It should come as no surprise that Prime Minister Nuri al-Maliki’s disastrous offensive against the Mahdi Army of Moqtada Sadr in Basra has had the exact opposite effect of that intended — strengthening rather than weakening Sadr, and making clear that he, and the Iranians, have far greater influence of Iraq’s future than does the Iraqi government or the U.S. That’s because Maliki’s shared the fate of pretty much every similar initiative by the Bush Administration and its allies and proxies since the onset of the “war on terror.”
The pattern is all too common: The U.S. or an ally or proxy launches a military offensive against a politically popular “enemy” group; Bush and his minions welcome the violence as “clarifying” matters, demonstrating “resolve”, or, in the most grotesque rhetorical flourish of all, the “birth pangs” of a brave new world. Each time, the “enemy” proves far more resilient than expected, largely because Bush and his allies have failed to recognize that each adversary’s power should be measured in political support rather than firepower; and the net effect of the offensive invariably leaves the enemy strengthened and the U.S. and its allies even weaker than before they launched the offensive.
Recent examples would include
* Last year’s U.S.-orchestrated Ethiopian invasion of Somalia in order to drive the Islamic Courts Union out of Mogadishu. This operation, based on the narrowest U.S. concerns to apprehend a handful of Qaeda men, was blithely oblivious to the reasons why the residents of Mogadishu might actually support the Islamists for having established a predictable social order after vanquishing the extortionist warlords with whom the U.S. was in league. So the offensive, like Basra involving U.S. Special Forces, scattered the Islamists, but they’re coming back. The Ethiopian occupation, and the Somali government it is meant to support, are simply not tenable without the political support that the Islamists continue to enjoy.
* Last year’s disastrous U.S.-backed coup attempt in Gaza in which security forces loyal to Fatah warlord Mohammed Dahlan sought to militarily eliminate the democratically elected Hamas government, provoking the counter-coup in which Hamas took full security control over Gaza. The U.S. and Israel followed up with a collective punishment regime targeting ordinary Gazans in the hope that they could be starved into turning on Hamas; the result has been to strengthen the Islamists, particularly after they blew a hole in the border with Egypt and with it in the Bush strategy.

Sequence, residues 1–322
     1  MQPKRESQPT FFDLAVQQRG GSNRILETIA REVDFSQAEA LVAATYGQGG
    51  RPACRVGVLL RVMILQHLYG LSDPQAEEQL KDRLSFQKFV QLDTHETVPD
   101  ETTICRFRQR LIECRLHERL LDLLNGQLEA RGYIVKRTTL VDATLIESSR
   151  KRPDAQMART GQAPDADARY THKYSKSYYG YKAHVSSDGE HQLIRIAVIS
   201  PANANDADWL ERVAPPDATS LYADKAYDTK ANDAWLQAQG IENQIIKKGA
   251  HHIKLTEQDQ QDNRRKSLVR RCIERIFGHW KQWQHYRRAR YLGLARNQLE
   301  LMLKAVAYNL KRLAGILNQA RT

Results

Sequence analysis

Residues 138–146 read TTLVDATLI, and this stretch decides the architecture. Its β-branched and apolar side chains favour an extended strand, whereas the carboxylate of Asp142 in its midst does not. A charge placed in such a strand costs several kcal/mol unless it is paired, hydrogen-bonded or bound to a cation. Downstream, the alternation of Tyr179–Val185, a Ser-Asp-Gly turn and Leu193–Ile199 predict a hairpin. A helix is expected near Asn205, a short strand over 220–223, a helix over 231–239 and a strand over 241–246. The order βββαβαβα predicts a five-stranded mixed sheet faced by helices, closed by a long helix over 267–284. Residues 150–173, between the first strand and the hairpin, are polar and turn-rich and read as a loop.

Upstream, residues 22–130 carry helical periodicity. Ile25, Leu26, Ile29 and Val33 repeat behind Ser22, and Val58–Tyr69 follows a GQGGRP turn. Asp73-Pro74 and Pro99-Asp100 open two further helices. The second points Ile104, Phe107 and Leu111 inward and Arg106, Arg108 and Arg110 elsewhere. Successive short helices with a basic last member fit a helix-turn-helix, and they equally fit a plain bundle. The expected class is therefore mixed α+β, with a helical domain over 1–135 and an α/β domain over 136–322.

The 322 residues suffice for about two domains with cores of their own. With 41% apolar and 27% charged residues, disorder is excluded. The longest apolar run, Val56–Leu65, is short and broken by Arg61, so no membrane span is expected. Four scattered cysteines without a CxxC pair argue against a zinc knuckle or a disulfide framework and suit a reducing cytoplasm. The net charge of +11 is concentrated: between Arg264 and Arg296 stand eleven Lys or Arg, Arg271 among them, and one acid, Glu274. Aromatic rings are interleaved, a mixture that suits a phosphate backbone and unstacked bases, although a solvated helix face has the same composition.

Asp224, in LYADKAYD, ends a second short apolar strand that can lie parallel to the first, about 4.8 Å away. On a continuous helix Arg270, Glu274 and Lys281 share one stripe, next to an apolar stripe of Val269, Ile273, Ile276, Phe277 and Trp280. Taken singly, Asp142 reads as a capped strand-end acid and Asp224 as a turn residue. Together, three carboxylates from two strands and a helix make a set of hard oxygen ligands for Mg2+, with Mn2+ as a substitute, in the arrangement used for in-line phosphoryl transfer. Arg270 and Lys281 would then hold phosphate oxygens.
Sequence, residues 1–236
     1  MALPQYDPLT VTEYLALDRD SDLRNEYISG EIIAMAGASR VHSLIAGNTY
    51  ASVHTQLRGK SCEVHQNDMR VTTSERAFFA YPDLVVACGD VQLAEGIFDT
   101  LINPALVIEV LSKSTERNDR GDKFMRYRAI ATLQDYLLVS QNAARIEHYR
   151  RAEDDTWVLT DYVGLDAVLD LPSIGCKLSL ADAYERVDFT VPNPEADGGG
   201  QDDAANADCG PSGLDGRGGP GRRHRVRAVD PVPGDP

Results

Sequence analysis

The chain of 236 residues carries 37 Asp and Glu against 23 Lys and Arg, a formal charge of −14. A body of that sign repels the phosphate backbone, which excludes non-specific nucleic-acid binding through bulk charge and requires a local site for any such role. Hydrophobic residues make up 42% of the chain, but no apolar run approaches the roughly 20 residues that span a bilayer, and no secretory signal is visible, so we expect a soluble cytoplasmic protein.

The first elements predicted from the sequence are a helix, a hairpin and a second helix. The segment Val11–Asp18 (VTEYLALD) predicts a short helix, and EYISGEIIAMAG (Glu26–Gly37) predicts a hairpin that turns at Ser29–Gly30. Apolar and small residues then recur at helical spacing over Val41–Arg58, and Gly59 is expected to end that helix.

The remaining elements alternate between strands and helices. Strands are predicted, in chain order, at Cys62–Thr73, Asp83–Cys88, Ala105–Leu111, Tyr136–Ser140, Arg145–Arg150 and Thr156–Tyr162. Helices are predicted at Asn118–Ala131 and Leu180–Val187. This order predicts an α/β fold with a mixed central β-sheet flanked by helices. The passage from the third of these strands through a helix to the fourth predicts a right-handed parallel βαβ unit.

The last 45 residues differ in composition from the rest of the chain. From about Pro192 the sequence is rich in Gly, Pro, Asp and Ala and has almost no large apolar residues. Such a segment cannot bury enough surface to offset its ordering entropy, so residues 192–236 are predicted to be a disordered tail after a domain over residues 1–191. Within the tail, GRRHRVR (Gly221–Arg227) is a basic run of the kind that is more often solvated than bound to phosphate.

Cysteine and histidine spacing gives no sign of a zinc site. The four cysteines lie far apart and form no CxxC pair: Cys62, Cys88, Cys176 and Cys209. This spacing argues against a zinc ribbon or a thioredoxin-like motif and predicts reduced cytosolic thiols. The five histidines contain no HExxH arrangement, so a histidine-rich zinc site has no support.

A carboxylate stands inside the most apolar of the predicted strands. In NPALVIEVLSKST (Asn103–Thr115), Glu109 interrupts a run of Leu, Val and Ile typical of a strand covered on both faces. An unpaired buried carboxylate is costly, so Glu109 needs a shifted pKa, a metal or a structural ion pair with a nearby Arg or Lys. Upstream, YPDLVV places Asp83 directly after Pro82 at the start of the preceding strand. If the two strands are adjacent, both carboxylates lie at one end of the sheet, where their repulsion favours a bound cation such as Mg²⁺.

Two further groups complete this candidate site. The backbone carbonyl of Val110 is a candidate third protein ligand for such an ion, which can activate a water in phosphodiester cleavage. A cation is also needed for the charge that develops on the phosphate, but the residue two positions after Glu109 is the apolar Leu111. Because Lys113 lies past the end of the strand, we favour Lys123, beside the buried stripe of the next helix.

* The summer 2006 Israeli campaign — at U.S. urging — to militarily eliminate Hizballah in Lebanon, which not only produced a military debacle for Israel but gave Hizballah a major political boost, effectively killing off the misguided U.S. strategy of seeking a zero-sum victory by one half of Lebanese society over the other.
* The 2004 U.S. campaigns against Sadr’s forces in Iraq, and the siege of Fallujah and its Sunni insurgents in the same year.
* The campaign against the Taliban in southeastern Afghanistan and northwestern Pakistan.
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In all of these instances, the lesson is clear: overwhelming force may be an effective tool against a criminal gang, but against an armed movement rooted in popular sentiment and support, it usually has the opposite effect. The Bush Administration has had plenty of experiences of this lesson, and plenty of time to digest it, but, apparently, to no avail. Instead, Maliki has weakened himself, perhaps fatally, while Sadr once again emerges as the Iraqi politician most likely to go the distance.
And, of course, the U.S. position in Iraq has been further jeopardized by antagonizing the most powerful community in Baghdad.
An equally important lesson from Basra, though, was that it took Iran — in fact, by a senior Iranian Revolutionary Guards commander on the U.S. list of most wanted terrorists to rescue Maliki and the Americans from a very nasty situation once their offensive had stalled and the Sadrists had joined the battle elsewhere in Iraq. Not only does this affirm the reality that Iran’s influence is considerably greater in Iraq than that of the U.S. — Tehran was able to resolve the Basra standoff precisely because it has backed both the Supreme Council, which dominates the Iraq security forces and also enjoys U.S. backing, as well as the Sadrists. The idea that the U.S. can stabilize Iraq while in conflict with — or even on terms opposed by — Iran is now a pipe dream.
To the extent that the U.S. mission in Iraq includes the notion of rolling back Iranian influence, the U.S. is in for a long, and ultimately futile mission. And the idea that it can remake the political landscape there or anywhere else through the application of force is a dangerous delusion.
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